Conceptual prototype of a United States $20 featuring a portrait of Harriet Tubman.
    Figure \(\PageIndex{7}\): Conceptual prototype of a United States $20 featuring a portrait of Harriet Tubman, produced by the Bureau of Engraving and Printing in 2016. (CC PDM 1.0)

    Abolitionist Harriet Tubman (1820-1913) conducted numerous voyages to free hundreds of enslaved Africans from the southern U.S. to the north, including the U.S. and Canada. Working as a "conductor" in the Underground Railroad, Tubman and others resisted the dehumanization of the peculiar institution of slavery in pursuit of freedom. With their activist roots in the abolition movement, many early suffragists such as Angelina and Sarah Grimke as well as Sojourner Truth sought to gain the right to vote for all women, despite the fact that many suffragists were split on the issue of including the vote for African American women.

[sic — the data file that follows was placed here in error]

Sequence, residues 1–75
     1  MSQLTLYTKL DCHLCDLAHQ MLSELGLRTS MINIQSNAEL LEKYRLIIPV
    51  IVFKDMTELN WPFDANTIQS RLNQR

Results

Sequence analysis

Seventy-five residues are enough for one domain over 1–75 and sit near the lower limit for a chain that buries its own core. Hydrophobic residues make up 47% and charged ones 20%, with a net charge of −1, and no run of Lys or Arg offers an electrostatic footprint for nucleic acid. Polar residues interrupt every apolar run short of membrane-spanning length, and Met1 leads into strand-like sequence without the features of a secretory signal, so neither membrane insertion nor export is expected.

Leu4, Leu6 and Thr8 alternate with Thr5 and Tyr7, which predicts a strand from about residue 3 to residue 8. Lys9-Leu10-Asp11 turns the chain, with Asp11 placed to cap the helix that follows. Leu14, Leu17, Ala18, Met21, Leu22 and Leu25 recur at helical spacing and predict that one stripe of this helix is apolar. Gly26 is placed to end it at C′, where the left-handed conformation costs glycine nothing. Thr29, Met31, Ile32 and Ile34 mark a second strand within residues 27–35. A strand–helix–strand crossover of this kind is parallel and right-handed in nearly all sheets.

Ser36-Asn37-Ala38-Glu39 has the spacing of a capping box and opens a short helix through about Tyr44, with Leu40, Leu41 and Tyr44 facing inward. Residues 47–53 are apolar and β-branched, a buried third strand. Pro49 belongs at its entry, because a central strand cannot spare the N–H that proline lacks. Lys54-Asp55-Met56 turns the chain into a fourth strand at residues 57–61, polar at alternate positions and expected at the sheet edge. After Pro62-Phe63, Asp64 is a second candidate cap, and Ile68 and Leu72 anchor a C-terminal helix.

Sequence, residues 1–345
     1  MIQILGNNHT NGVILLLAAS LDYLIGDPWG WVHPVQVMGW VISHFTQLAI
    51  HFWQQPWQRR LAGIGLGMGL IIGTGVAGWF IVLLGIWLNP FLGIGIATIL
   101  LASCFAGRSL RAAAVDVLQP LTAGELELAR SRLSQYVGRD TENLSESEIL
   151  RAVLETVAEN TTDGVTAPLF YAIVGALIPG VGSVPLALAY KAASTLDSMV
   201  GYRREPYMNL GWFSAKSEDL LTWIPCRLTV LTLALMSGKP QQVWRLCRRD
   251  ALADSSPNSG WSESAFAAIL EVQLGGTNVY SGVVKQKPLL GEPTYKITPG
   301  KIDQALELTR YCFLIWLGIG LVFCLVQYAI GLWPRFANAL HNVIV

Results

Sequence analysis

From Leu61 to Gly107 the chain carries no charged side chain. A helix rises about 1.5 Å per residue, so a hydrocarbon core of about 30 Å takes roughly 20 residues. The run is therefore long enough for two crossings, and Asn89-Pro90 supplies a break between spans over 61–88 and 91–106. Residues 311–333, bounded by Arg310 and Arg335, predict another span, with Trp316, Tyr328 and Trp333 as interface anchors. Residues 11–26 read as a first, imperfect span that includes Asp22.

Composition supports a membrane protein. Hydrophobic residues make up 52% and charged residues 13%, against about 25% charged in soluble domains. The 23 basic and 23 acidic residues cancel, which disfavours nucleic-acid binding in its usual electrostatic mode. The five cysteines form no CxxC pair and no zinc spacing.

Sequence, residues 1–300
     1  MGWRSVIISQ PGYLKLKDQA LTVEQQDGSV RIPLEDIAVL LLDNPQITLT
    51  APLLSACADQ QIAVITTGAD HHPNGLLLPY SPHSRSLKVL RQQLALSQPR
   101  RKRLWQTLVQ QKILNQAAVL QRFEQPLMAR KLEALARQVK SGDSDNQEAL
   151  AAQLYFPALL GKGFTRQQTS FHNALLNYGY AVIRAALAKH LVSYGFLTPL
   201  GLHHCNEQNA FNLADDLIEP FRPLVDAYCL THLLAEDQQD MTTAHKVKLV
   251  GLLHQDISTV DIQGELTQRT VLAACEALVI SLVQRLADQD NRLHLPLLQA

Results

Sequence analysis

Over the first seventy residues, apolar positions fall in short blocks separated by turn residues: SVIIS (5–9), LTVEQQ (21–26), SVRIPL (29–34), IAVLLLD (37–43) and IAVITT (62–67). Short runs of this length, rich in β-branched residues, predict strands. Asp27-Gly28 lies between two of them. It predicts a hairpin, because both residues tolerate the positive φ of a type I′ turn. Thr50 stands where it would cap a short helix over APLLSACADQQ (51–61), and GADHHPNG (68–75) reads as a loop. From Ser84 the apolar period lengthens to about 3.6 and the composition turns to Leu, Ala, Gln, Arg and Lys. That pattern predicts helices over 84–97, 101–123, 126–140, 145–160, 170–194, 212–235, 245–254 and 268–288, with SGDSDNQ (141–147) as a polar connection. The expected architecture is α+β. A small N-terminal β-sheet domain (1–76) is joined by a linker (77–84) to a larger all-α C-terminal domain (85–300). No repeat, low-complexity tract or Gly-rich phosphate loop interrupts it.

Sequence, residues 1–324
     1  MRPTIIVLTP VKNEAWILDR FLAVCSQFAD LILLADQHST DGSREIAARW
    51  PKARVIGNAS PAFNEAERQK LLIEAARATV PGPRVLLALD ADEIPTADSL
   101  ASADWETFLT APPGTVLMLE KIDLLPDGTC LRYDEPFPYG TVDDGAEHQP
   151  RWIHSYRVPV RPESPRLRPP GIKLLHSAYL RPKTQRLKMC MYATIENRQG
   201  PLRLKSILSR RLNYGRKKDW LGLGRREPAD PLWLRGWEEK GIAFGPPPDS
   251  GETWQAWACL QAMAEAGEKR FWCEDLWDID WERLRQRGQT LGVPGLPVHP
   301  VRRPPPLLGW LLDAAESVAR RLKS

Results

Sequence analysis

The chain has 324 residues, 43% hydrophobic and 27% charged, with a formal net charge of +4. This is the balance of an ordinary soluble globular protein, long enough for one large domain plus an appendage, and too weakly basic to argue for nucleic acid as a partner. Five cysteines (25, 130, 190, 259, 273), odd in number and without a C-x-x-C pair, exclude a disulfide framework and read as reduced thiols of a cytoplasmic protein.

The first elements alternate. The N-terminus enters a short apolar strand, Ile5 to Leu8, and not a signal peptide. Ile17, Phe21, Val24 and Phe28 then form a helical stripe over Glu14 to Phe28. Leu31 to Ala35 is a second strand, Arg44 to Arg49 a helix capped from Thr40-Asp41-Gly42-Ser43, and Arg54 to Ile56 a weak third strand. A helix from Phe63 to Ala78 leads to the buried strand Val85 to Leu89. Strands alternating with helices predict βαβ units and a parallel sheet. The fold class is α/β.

In the 1960s, resistance movements were led by Reverend Dr. Martin Luther King, jr (1925-1968) with the mainstream civil rights movement as well as by Black Nationalist/Black Power movement with Malcolm X (1925-1965) in the forefront. Both of these movements challenged racial, inhumane treatment in the U.S., and both of these leaders extended their gaze to the global scene, recognizing U.S. militarism abroad and reflecting upon colonial attitudes in the southern hemisphere. While Malcolm X recognized the independence movements in Africa as resistance against European colonialism, Dr. King was particularly critical of the U.S. involvement in the "American War" in Vietnam. Still, competing white supremacist organizations, including police commissioners, politicians, and the Ku Klux Klan pushed back against these resistance movements. Back in the U.S., the Chicano Moratorium (1970) called attention to the lost lives of enlisted Chicanos and the disenfranchisement of Chicano communities in U.S. cities, particularly Los Angeles and San Diego and thus questioned the involvement of Chicanos in fighting a war abroad when they were not experiencing democracy at home. In the same time period, the American Indian Movement kicked off in Minneapolis in 1969 to stand against white control of schools, economic institutions and Native American religious practices.